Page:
Many of the difficult situations we have with our children involves getting them to do something they don’t want to do in a reasonable amount of time.
Eating, getting dressed, going to bed, or taking a bath may be familiar conflict areas. When we give our children choices we can avoid conflict. These choices, or freedom within limits, help our children feel in control of themselves, foster cooperation and develop independence.
How and when to present choices is critical to the success of implementing this concept.
Give too many choices and we may create an environment of frustration and again encounter non-cooperation. Offering few choices, we risk being authoritarian, and may create rebellion or subterfuge in our children. The art of implementation is looking at each child and situation with fresh and understanding eyes, while remaining kind and firm.
I witnessed my friend, Diane, go overboard with choices.
Tommy, do you want to wear your blue shirt or your green shirt?
My green shirt.
Do you want your blue pants or your khaki pants?
Do you want to wear your sandals or your running shoes?
Socks or no socks?
Blue striped or green striped?
After the third question I watched three-year-old Tommy’s eyes start to flame. When Diane started to help Tommy take off his pajamas he pulled away and ran into the other room, yelling “I don’t want to get dressed. I hate those clothes.”
“This giving choices thing isn’t working for me,” Diane said.
Giving too many choices doesn’t work, is what I observed.
Question after question turned an initially cooperative child into a rebel. Perhaps a simple choice of this green outfit or this blue outfit would have been enough decision making.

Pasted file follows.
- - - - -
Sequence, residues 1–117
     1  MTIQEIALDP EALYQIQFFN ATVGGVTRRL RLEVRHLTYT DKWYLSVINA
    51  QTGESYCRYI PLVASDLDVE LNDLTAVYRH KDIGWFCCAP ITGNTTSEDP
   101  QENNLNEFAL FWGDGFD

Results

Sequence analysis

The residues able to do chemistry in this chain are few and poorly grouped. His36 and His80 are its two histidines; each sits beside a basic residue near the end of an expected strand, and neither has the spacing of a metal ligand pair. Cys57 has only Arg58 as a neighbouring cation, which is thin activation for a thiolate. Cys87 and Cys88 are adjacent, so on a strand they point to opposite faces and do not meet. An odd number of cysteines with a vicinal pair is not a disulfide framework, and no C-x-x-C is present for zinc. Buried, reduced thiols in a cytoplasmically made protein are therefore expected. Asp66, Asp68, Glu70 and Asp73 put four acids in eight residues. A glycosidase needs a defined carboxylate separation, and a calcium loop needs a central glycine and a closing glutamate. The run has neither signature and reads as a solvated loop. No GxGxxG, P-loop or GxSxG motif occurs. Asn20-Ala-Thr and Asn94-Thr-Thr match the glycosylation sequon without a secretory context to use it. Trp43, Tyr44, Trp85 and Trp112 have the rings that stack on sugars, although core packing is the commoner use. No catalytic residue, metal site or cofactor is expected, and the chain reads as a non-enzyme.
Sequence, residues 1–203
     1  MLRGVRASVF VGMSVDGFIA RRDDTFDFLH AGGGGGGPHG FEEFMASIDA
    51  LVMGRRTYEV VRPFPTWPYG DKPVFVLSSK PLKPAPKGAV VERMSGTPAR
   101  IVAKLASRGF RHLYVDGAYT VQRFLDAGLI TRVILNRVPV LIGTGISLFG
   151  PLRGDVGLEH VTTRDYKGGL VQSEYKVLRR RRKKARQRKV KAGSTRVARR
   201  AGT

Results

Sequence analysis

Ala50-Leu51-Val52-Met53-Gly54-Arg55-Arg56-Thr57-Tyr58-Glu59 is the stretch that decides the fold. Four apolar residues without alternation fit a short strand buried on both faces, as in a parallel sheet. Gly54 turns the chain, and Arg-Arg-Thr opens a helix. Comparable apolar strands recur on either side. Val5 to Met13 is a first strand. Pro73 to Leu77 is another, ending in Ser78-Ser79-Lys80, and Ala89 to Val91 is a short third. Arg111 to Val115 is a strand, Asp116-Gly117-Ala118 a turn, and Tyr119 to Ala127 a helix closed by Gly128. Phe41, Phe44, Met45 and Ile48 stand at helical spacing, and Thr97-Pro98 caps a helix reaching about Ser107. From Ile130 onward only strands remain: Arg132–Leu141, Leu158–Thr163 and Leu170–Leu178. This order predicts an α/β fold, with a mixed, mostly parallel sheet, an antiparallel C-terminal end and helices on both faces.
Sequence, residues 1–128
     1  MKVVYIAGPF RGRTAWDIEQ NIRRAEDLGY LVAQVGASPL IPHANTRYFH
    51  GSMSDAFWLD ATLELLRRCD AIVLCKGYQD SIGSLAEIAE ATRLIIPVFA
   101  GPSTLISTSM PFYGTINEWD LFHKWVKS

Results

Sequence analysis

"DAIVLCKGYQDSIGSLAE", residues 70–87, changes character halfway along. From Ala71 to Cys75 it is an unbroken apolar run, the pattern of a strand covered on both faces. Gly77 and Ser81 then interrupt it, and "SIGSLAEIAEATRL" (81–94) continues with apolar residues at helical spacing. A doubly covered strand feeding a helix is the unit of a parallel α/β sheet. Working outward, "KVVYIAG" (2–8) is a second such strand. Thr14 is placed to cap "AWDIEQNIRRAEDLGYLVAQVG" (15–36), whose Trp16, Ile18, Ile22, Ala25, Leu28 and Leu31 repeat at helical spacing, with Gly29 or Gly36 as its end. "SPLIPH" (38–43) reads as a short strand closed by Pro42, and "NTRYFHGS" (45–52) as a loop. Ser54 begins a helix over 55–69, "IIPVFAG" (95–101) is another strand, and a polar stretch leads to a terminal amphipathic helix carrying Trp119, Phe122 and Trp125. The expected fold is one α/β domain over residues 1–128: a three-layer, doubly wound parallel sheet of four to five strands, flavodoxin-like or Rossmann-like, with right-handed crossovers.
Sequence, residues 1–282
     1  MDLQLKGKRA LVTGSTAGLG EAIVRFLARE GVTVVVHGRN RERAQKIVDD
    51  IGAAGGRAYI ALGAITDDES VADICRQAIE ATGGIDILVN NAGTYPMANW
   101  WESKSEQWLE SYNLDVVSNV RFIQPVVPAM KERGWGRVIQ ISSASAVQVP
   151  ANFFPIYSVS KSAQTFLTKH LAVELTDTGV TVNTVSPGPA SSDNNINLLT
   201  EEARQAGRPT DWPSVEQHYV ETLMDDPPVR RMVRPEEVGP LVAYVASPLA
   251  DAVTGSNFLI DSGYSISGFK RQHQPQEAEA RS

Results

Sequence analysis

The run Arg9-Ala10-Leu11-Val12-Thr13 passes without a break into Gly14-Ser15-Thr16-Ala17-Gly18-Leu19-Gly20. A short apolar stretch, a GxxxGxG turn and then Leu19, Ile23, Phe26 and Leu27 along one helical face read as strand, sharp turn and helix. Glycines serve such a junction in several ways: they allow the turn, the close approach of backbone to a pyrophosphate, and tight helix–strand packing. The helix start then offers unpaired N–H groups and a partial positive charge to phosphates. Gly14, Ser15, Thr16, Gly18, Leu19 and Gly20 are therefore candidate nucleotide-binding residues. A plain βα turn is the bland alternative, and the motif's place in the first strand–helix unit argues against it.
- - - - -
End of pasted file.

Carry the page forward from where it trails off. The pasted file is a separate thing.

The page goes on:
When a child is defiant, he is asking us “Who is the boss here? You act like it’s me. If it’s you, then show me.”
Don’t be afraid of showing your child that defiant behavior is unacceptable. He is asking for limits to be set and enforced. Too many choices can cause a child to question his role in the parent/child relationship. Our children need for us to be the adult in charge, so they can feel safe and secure.
We also need to be on guard for making non-negotiable actions sound like choices.
Do you want to hold my hand while we cross the street? Or, do you want to hold my right hand or left hand when we cross the street?
Do you want to take a bath? Or do you want blue bubble bath or green bubble bath in the tub tonight?
Do you want me to set a curfew for you? Or do you want to help me decide what time your curfew should be? You decide.
Adding the phrase, you decide, helps the child be aware of the decision making process and helps the child feel empowered.
In truth, there are many choices that we can’t allow our children to make, but there are many we can encourage when we practice freedom within limits of responsibility and safety. Allowing choices fosters self-control, cooperation and independence in our children.
Be aware of giving too many or inappropriate choices. When your child gets to those bumpy teenage years, he or she will have many years of practicing making “good” choices. You’ll be able to feel confident in your teenager’s ability to continue to make “good” choices when dealing with tough decisions with friends, drugs, alcohol and more.
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